None of the walls connected to the ceiling and most of the mirrors were double mirrors. I was always very careful of this. All the bathrooms and showers were free of cameras of course. But when you’re doing your makeup in certain areas, it’s a double sided mirror. Again, I was always very, very careful of this.
There was “someone” who used to walk around the house naked (chuckling). And all of us were like, “are you serious?” There were literally cameras everywhere!
During the down time, everyone was just trying to hang and figure out personalities. So we played games amongst ourselves and began to click a little bit.
A day in the life was very boring when you weren’t in the kitchen.
What some people don’t realize is that dinner service could be at 11:00 in the morning, or could be at 6:00 at night. We never really knew, so for us to gauge what’s going on every day, it was difficult. The only certainty was the lights came on at 7:00 in the morning.
“In this industry, I don’t think anything is given. Everything is worked for. Nobody owes you anything. You earn it all.”
Handling the Stress & Pressure
Something weird happened with me; I just started to feel normal there.
Of course, it was stressful, especially as someone who deals with chronic anxiety. While I was there, I basically dealt with the stress by giving it everything I had and not caring about anything else. Oddly enough, my chronic anxiety went away. Honestly, to drink caffeine and not have an anxiety attack, it was strange.
I was able to go on the challenges and not panic. I just kind of honed in on what I wanted to do. I wanted to succeed and do a great job.
That’s definitely one of the only times in my life, in the past five years at least, that I can say it happened that way. I cannot explain it. What I realized is that when you’re under a whole lot of stress, you just have to learn to deal with it, and that’s what I did.
I just looked at it like it was game time every day.
Advice for Future Contestants
My best advice is to stay very, very quiet in the beginning. Everyone has an ego, so stay humble.
For me, I think all the way through episode five, I stayed very quiet. I wasn’t doing great in challenges, but I wasn’t doing horribly either. I was getting used to the environment and trying to figure out people.
Then, after you stay quiet and get a feel, just release yourself like a beast. If you’re really good, you’ll know when the time comes and you just let it all go.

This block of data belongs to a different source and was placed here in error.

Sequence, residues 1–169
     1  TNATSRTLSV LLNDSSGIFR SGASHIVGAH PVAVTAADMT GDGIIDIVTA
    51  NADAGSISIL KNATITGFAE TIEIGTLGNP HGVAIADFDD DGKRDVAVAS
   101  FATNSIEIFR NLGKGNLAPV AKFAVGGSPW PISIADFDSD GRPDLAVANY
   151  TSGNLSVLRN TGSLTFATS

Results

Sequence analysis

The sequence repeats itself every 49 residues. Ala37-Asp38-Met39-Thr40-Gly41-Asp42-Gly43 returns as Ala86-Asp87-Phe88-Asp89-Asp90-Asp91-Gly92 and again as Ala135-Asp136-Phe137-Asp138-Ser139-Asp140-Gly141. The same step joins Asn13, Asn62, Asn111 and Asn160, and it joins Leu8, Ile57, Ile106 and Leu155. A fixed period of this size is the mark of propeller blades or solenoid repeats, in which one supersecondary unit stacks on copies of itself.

Some people may consider you as being weak, but if you’re really good, you’ll shine through with your abilities. Clearly, I stayed quiet in the beginning, and I didn’t turn out weak.
Life After Hell's Kitchen
Obviously, I was there until the end, and I got accustomed to that routine. When it ended I was freaked out a little going home because I didn’t have all of that structure. I was like, “Oh s***, what do I do?” So I just went straight into work mode, got a job right away and started settling back into a routine.
Nothing really made a difference until the end of December when the show and cast were announced. And all the sudden, my social media started going crazy. It actually freaked me out a little bit, and my boyfriend too.
Basically, for a year and a half everything was quiet, and then to just get hit with all that attention, it was crazy. Most people don’t realize the time between taping the show, airing the show, and then progressing through it all.
As each episode aired, it was definitely weird to see how people became more and more in tune with me. Then to see what people say on social media after only seeing 42 minutes, when in reality there were thousands of minutes behind each episode.
That’s something you’re not really prepared for – to see the editing. Not that I’m holding anything against the editors, it’s just crazy to see.
Some people on the show were getting pissed about how things were being shown and some edited out. But me, I always would say “be nice, be really nice to the producers.” Don’t ever be an a**hole or diva, just be nice to them and they’re going to put you in a good light.
All in all, my life has been amazing. I think it’s great to be recognized, but the past year and a half I’ve just been continuing to work hard. The show doesn’t ultimately define me. Yes, it’s great being an inspiration to people, but you still have to balance having a normal life.
I kind of have to put it all aside and just appreciate the opportunities that I have since the show.
In all reality, being a “celebrity chef” is not everything. It’s fun for a minute, but it’s exhausting, and it’s really not realistic. I would never trade that for being in a kitchen; day to day and getting dirty.
I think a really big misconception is that you have a glamorous life after you’re on the show, or as a celebrity chef. Maybe Gordon Ramsay does, but it’s something he earned through time.
You don’t just get on the show, and then your life is just on automatic. It’s a lot of hard work.